The weather in May is hot and sultry, so any walking needs the occasional stop and rest, and in the estuary area there are a few shacks that serve cold tea or water. At one of these we tried a Roselle smoked tea drink – subtle and aromatic – and visited the animals kept at the back, including a seriously outraged goat that kept screaming “help”. Yes, it sounded all too human, and is a phenomenon reported by others, not least by a couple of belatrova supporters who were recently playing golf in the Malvern Hills (though they had drunk Armagnac the night before). Anyway, we also saw these beautiful Koi carp, some the size of a New Zealand Rugby player’s forearm.
Another view to enjoy is from Victoria Peak where you can look down on everything and work out exactly the positions of Central H.K. in relation to Kowloon and Lantau island. A No 15 bus from Exchange Square will take you uphill through narrow streets, zigzagging its way into the hills and finally getting to the very top after 40 minutes or so. Catch it on the way down and, if you’re in luck, the driver will teeter on the edge of peril as you sway and jolt your way back to the city.
The evening is a little cooler and a good time to walk around the markets of Mongkok: Ladies’ Market, Goldfish Street (besides fish, there are also the tiny frogs, hamsters, beetles, turtles, and all sorts), Flowers, Fishmongers and the Bird Market, where owners bring out their pet songbirds and feed them. The fish on display are for eating, on the other hand, and are so fresh they are still flapping and jumping on their slabs. Eels, conger, starfish, bass, you name it and it will likely be there – the Hong Kong palate is wide ranging and adventurous.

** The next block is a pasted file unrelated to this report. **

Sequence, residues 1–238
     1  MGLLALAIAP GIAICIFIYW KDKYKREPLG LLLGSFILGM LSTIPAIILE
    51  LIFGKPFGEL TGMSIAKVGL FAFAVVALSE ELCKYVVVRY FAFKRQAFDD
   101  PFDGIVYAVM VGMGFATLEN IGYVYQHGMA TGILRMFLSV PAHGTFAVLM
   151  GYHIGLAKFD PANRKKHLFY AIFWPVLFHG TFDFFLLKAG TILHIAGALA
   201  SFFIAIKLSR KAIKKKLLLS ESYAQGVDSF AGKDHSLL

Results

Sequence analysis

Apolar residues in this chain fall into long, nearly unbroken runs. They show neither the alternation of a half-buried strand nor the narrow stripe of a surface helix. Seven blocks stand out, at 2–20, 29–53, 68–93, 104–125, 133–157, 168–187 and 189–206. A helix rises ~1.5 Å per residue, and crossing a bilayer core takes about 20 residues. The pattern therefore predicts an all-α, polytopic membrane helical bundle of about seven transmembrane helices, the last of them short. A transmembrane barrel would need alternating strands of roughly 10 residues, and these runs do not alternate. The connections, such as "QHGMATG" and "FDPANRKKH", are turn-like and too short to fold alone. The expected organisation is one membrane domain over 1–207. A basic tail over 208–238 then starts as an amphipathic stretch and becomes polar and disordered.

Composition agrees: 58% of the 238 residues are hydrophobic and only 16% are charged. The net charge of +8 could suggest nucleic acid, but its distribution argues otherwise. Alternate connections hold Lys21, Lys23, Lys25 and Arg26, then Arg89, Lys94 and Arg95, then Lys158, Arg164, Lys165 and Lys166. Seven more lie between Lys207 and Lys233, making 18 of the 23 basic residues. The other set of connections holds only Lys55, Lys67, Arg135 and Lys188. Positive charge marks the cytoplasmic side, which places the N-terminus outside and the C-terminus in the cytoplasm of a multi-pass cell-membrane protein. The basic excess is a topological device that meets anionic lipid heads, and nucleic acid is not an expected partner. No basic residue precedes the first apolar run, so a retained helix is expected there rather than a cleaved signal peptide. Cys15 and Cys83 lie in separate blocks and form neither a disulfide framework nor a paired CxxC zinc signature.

Not far is a square where the fortune tellers can be found; unfortunately as we waited in line for a small bird to reveal the future, the heavens opened and we took refuge in the public toilets with a few others, including a taxi driver who had been caught short and whom we commandeered for the journey back.
Soon after Hong Kong was handed back to the Chinese government by the British, Macau too was returned by the Portuguese. This small peninsula is an hour’s turbojet ride from Kowloon, and its historic centre still retains a European feel to it, with its churches, squares and the ruins of the 17th century St Paul’s College and Church, destroyed by fire in 1835. Nearer the water the A-Ma Temple is quietly beautiful, and, by way of complete contrast, Taipa, a mostly reclaimed strip of land reached via the longest bridge in the world, is an exercise in gargantuan vulgarity with its monumental hotels and casinos, specially the Galaxy hotel which looks like a small city in itself, all gold leaf, glass and marble. A slogan leading to its restaurant reads “Life is good, eat more”.